Beer (& More) In Food

Beer: The Condiment With An Attitude!

Will Craft Brewers Finally Lighten Up?

Posted by Bob Skilnik on March 10, 2007

beerdietpyramidgood.gifA few years ago, I wrote a book titled The Drink Beer, Get Thin Diet: A Low-Carbohydrate Approach. The premise was a simple one; design a low-carb diet around the moderate consumption of beer…even high carb brews. By knowing the carbohydrate content of your favorite brew, you (as the dieter) could determine how many carbs you took in daily.

The problem was getting brewers to cooperate in this little literary endeavor by giving me information that I could use to calculate carbohydrate counts for their beers. In the case of the bigger breweries, that wasn’t a problem. They had already done a nutritional analysis on their products and willingly gave out the information to inquiring minds.

In the case of craft brewers, however, it became a daliy battle. Some breweries, such as New Belgium or Bricktown Brewery (a brewpub) were extremely cooperative, others were downright combative. One brewer demonstrated that he understood the emerging market. “Health is about information, choices and moderation.”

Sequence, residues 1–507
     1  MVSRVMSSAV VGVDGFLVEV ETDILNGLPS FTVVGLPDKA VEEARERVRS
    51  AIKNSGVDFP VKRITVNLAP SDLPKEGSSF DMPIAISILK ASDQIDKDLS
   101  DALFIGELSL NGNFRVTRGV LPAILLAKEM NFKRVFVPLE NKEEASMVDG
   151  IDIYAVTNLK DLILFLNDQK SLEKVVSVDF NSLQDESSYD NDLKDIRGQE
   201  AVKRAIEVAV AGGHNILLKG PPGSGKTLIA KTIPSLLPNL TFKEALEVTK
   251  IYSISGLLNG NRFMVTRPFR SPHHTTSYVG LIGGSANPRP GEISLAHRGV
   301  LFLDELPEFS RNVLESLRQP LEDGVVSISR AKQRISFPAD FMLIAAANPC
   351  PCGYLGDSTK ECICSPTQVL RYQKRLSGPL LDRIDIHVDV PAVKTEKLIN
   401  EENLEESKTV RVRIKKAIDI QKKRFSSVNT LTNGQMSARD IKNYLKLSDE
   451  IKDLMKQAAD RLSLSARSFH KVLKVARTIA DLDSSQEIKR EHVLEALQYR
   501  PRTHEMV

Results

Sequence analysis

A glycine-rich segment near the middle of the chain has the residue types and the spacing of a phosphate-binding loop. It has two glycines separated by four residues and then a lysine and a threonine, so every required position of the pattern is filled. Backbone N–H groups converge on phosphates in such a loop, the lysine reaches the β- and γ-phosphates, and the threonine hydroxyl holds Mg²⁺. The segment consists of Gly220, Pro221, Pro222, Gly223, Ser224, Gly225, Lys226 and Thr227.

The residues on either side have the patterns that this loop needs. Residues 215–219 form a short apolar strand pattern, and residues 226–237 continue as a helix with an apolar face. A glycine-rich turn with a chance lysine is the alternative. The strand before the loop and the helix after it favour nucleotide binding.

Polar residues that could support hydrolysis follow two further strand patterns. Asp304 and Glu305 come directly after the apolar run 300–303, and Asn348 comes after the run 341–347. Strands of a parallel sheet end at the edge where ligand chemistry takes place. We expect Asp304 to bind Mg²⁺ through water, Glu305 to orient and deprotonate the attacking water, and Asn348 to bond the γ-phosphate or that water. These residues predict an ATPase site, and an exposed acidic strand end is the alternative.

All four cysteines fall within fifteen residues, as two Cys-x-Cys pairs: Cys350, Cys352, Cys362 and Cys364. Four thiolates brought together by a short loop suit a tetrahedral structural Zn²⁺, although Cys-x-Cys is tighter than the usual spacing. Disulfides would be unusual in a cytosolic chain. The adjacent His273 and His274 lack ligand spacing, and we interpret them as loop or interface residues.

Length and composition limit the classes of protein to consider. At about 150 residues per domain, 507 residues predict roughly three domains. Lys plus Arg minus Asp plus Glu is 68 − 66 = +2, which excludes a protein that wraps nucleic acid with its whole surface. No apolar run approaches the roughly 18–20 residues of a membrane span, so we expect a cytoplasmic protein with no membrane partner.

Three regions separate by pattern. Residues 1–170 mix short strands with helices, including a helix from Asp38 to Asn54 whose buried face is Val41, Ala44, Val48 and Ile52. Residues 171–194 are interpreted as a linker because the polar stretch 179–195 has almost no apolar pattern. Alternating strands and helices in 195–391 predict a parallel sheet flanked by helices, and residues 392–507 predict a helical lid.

Others, however, told me to do sexually impossible tasks, adding that “We don’t brew our beer for nutrition, we brew it for taste,” while their websites were filled with references to the vitamins in yeast and grain. When I would bring up the argument that what the customer wanted was probably more important than the opinions of the brewer (and maybe better for sales), well, let’s just say that it wasn’t pretty.

Slowly but surely, since 2003 or so, I’m finding more and more brewpubs experimenting with their own interpretations of “light” beer. Things are also changing with bottling craft breweries as Brew Blog has pointed out. Why the change in attitude? As BB notes “In short, they’re going after light for the same reason Willie Sutton robbed banks: Because that’s where the money is.”

But there’ still a long battle to wage before every craft brewery has at least one “light” beer in its portfolio, and the nutritional analysis info to back it up.  West Coast beer writer and reviewer William Brand has a different opinion about craft-brewed light beer…”My opinion of light beer: Argggggg.  Personally, I’m going to crack open a bottle of Double IPA tonight.” And Bill’s not alone with this kind of opinion.

But when 50% of beer sales come from the light sector, what’s a brewer to do?

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